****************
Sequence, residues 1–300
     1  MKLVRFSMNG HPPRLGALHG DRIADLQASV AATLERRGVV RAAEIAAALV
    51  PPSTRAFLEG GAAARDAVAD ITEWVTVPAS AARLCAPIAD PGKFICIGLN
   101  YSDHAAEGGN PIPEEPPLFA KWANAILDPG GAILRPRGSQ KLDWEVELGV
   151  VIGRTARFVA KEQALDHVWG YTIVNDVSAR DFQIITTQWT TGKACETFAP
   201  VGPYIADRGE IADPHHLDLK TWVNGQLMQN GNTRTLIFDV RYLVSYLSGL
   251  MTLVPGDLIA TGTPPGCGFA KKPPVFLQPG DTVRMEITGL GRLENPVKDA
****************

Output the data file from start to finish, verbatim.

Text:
Sequence, residues 1–300
     1  MKLVRFSMNG HPPRLGALHG DRIADLQASV AATLERRGVV RAAEIAAALV
    51  PPSTRAFLEG GAAARDAVAD ITEWVTVPAS AARLCAPIAD PGKFICIGLN
   101  YSDHAAEGGN PIPEEPPLFA KWANAILDPG GAILRPRGSQ KLDWEVELGV
   151  VIGRTARFVA KEQALDHVWG YTIVNDVSAR DFQIITTQWT TGKACETFAP
   201  VGPYIADRGE IADPHHLDLK TWVNGQLMQN GNTRTLIFDV RYLVSYLSGL
   251  MTLVPGDLIA TGTPPGCGFA KKPPVFLQPG DTVRMEITGL GRLENPVKDA